Diners in the Rayburn House Office Building cafeteria can be on the lookout for metal spoons and ceramic mugs over the next couple of weeks, according to a House Administration Committee spokeswoman.
After doing away with the House composting program last month, Chairman Dan Lungren (R-Calif.) directed the Office of the Chief Administrative Officer to start looking into a pilot program to phase reusable dinnerware into the House cafeterias, Lungren spokeswoman Salley Wood said.
“We recognize there needs to be an alternative to composting,” Wood said. “We also recognize that the alternative needs to be more cost efficient.”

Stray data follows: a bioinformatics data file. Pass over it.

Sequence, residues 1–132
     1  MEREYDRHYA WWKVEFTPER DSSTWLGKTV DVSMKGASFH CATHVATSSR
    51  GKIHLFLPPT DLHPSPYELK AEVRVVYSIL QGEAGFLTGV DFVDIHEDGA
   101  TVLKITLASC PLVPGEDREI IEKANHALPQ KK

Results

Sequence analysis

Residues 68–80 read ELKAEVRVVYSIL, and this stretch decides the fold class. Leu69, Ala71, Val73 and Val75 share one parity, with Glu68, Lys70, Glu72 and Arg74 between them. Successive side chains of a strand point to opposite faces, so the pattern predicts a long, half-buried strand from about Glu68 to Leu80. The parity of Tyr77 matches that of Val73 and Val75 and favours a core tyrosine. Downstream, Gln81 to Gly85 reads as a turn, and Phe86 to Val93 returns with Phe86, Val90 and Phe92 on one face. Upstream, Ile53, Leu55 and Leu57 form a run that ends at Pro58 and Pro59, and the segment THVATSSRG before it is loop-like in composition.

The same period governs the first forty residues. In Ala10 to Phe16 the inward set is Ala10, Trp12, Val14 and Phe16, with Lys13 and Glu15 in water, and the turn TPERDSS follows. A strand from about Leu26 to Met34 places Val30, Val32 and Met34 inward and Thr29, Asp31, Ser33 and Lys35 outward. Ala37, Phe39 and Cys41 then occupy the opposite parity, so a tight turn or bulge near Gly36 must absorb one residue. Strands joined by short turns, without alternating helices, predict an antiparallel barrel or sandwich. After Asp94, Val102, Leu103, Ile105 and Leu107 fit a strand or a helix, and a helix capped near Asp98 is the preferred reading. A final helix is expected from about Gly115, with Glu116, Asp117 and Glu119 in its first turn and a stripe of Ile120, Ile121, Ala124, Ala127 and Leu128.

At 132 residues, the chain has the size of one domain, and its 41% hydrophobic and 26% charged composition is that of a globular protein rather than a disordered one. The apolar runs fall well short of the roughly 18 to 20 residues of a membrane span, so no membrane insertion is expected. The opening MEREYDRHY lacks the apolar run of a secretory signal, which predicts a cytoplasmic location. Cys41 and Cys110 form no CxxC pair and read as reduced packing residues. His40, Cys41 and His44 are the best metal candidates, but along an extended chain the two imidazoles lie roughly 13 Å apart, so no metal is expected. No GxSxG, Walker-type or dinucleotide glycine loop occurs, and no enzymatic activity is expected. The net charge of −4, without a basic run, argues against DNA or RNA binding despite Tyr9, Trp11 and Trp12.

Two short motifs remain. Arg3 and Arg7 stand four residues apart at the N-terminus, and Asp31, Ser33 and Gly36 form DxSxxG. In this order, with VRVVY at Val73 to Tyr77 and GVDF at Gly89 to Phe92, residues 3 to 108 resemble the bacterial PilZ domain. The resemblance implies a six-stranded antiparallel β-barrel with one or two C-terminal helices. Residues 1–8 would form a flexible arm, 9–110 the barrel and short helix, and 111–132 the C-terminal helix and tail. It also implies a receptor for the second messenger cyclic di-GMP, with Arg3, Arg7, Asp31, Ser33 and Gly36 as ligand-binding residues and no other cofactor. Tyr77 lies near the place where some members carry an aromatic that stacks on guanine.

The program should cost a few thousand dollars, she said, which will come out of the CAO’s budget. The forks, knives and spoons will resemble the metal tableware used in the Dirksen Senate Office Building cafeteria.
The program is starting in Rayburn because the cafeteria there already has a dish drop-off station and is equipped with a dishwasher.
It could spread to other cafeterias if the program is successful, but the committee will be looking to see whether diners take the silverware out of the cafeteria and don’t return it.
“It’s not going to be efficient if you have to go out and purchase these things,” Wood said.
Rep. Elijah Cummings, D-Md., right, hugs Harold Schaitberger, General President of the International Association of Fire Fighters, after the Congressman spoke at the IAFF's Legislative Conference General Session at the Hyatt Regency on Capitol Hill, March 9, 2015. The day featured addresses by members of Congress and Vice President Joe Biden.